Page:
Release date: February 5, 2016
Genre: Power with a strong classic metal foundation
Discography note: Fifth full-length
Buy it: Pitch Black Bandcamp. Also available through Spotify.
I have been singing the praises of Arrayan Path for the better part of the last five years, particularly with regard to vocalist Nicholas Leptos (also of Warlord (USA) and Astronomikon). The band has built an impressively consistent catalog of flawed classics, and album number five is really no different.
Of particular interest to me is the fact that the six Cypriots behind Arrayan Path represent the closest thing to a Greek version of Lost Horizon without really sounding like Lost Horizon that one could expect in 2016. Similar to the perpetually “on hold” Swedes, these dudes elect a route that gives each player ample time in the spotlight on nearly every song, and both blend diverse moods and tempos and a perfect harmony between light and heavy within a bombastic crux that’s lofted into the stratosphere by virtue of one of the most gifted voices in the genre today.
What sets Arrayan Path apart, however, is the stronger emphasis on traditional metal, plus a greater prominence placed on POUNDING an infectious chorus into your head, something that also serves as one of the band’s chief detriments. If you thought a record like Maiden’s Brave New World showcased overly repetitive refrains, wait until you hear “Scorpio” and “Lex Talionis” from Chronicles of Light. Still, this snag doesn’t fully detract from the goodness of an album such as this, mostly because it doesn’t happen all the time, and when it does, it’s still really infectious.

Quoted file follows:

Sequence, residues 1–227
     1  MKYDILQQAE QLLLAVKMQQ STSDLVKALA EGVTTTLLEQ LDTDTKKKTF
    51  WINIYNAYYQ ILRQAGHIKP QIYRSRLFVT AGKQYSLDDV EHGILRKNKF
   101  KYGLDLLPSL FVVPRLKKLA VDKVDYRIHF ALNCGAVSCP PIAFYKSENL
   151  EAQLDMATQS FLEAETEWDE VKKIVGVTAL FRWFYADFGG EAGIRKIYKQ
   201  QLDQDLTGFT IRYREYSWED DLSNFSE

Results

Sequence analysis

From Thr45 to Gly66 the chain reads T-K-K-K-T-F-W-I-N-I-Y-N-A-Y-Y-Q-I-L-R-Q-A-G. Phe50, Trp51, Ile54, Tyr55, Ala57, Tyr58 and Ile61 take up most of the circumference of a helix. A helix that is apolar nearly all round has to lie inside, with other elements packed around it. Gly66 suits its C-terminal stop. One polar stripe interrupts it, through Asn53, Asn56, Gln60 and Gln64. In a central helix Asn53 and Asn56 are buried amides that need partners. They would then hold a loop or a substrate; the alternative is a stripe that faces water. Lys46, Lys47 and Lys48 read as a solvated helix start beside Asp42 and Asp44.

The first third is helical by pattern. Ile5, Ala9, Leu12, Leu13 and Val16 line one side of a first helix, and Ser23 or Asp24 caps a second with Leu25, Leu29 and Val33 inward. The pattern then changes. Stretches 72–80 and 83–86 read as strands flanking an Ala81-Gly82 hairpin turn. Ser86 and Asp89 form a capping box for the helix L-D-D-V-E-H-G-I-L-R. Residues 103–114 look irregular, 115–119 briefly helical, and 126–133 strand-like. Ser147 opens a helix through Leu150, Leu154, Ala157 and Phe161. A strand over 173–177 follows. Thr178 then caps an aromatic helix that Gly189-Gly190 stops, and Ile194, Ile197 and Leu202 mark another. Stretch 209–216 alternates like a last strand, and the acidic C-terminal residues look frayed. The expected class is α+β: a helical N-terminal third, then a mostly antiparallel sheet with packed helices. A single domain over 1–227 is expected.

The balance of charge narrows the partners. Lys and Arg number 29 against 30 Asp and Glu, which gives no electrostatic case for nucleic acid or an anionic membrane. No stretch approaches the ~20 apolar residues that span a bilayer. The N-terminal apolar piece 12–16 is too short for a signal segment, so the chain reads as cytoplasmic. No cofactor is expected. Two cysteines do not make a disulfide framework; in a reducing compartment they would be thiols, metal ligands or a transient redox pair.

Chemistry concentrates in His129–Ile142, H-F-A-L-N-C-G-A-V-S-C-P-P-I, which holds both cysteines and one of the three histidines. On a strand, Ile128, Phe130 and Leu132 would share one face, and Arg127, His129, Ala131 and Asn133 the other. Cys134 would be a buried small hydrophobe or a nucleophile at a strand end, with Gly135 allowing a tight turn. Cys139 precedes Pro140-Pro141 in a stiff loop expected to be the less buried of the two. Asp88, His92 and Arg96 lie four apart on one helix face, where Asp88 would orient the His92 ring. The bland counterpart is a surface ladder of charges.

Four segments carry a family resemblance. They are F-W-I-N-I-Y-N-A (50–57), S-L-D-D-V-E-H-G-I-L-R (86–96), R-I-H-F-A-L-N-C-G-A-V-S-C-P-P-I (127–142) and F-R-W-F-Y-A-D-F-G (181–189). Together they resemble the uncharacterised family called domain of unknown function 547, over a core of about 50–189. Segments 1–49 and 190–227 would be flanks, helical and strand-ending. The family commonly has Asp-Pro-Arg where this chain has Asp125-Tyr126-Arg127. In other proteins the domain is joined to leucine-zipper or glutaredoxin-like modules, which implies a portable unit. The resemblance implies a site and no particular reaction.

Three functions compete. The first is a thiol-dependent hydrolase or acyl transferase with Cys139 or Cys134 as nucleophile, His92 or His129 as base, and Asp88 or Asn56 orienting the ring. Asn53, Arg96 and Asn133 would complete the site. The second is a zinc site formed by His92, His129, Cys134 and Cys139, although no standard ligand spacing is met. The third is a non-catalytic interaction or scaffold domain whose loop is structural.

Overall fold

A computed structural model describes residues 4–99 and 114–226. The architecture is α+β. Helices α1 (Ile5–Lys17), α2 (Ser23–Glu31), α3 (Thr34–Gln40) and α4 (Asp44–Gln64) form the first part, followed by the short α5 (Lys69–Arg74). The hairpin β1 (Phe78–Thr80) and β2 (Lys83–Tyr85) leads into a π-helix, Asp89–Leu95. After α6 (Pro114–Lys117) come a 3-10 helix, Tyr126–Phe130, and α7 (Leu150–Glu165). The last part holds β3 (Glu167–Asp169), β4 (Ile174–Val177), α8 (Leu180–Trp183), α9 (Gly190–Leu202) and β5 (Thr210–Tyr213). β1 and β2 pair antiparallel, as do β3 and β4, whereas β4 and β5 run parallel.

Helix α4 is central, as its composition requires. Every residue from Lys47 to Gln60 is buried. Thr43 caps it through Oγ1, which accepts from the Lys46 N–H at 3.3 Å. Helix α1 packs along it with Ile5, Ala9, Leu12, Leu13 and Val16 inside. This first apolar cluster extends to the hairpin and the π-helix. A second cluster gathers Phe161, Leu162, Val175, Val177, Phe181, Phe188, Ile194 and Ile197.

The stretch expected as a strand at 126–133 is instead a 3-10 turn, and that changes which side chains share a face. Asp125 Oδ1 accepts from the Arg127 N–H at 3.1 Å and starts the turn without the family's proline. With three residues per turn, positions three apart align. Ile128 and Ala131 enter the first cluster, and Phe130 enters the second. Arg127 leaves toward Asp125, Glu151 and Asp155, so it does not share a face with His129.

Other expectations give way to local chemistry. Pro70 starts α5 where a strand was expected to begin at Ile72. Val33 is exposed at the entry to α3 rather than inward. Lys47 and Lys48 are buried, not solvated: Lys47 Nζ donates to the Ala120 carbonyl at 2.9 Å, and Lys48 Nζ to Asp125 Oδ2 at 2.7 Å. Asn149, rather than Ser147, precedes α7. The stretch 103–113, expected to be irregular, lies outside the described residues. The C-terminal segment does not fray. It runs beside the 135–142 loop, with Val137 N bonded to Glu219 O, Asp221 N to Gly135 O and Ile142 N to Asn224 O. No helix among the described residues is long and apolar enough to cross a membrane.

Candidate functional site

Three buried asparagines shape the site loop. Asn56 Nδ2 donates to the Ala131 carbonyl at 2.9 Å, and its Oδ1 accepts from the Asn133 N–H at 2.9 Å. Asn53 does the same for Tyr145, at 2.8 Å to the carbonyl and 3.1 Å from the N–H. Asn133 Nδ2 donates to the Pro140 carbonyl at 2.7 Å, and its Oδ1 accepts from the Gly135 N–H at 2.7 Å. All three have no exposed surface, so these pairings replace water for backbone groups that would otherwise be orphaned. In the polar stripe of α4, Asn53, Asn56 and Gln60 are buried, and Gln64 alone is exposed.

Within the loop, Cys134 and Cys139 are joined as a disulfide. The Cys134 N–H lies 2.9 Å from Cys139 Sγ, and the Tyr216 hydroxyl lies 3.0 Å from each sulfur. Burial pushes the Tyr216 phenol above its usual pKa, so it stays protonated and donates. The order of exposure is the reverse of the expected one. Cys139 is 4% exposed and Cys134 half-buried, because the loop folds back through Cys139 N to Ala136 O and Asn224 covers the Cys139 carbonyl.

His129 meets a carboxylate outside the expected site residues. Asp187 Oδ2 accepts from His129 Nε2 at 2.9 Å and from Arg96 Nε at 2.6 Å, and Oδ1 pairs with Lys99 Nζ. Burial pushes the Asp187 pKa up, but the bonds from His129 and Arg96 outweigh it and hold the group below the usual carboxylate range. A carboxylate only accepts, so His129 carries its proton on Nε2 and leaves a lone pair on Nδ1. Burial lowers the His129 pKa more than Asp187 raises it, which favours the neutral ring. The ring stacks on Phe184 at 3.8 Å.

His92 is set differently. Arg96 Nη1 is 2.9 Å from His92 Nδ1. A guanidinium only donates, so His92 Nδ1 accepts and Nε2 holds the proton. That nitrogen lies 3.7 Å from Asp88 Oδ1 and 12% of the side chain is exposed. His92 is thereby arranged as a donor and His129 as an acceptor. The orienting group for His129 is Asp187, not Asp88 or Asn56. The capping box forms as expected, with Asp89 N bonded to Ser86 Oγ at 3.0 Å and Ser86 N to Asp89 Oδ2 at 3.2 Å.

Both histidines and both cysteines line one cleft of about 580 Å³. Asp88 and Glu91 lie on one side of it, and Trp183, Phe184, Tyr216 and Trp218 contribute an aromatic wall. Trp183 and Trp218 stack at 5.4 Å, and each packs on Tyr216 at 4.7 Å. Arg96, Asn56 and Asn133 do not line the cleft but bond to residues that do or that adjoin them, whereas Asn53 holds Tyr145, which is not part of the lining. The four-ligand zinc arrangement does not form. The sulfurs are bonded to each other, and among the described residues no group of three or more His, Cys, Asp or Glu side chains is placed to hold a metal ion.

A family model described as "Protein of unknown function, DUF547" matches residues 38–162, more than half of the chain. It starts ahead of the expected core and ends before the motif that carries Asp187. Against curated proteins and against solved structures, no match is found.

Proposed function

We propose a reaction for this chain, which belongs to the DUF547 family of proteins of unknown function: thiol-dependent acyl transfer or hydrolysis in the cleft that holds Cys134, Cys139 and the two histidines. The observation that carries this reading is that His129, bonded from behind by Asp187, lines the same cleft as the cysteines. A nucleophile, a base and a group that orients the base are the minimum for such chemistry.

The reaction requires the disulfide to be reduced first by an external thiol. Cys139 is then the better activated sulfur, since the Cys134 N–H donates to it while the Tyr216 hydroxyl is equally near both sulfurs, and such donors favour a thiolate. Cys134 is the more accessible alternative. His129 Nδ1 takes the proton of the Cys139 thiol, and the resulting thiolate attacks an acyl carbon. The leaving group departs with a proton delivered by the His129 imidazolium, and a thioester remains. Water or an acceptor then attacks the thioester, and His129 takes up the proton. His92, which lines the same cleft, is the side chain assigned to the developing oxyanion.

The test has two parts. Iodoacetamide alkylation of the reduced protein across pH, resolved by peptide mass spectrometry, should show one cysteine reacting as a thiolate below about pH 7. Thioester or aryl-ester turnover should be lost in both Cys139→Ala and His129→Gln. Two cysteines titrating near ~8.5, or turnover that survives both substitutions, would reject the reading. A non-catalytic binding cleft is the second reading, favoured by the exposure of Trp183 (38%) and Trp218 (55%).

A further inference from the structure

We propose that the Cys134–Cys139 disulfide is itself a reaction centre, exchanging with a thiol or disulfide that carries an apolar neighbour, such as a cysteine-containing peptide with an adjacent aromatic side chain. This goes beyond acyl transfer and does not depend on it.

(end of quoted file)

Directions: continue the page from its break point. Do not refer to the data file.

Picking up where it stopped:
Plus, there’s the little windfall that is Nicholas Leptos’ voice that adds to heart of this victory. Leptos continues to exude a confidence and level of intense emotion that other power metal vocalists should aspire to, and he absolutely lights up every song on Chronicles of Light.
Bottom line: Rewarding power metal with a deep appreciation of classic metal that’s (at times too) infectious, heavy and durable.
4. Almanac – Tsar
Band HQ: Bosnia and Herzegovina, Germany, Belarus, Spain, United Kingdom
Label: Nuclear Blast
Release date: March 18, 2016
Genre: Pompous Broadway power metal
Discography note: First release
Buy it: Nuclear Blast. Also available through Spotify.
If I had to pinpoint one trend in power metal that mystifies the living bejesus out of me, it would be bands’ unrelenting fascination with throwing about ten different vocalists and various guests into the mix. Hey, I loved Hear N’ Aid’s “Stars” as much as the next guy, but more often than not, the power metal records that feature three or more vocalists and umpteen guests mostly sound like records that might’ve been better if there weren’t three or more vocalists and umpteen guests. Maybe bands in this particular genre spend an inordinate amount of time dreaming about a day when they’ll hear “And the Tony Award goes to…Tobias Sammet’s AVANTASIA!”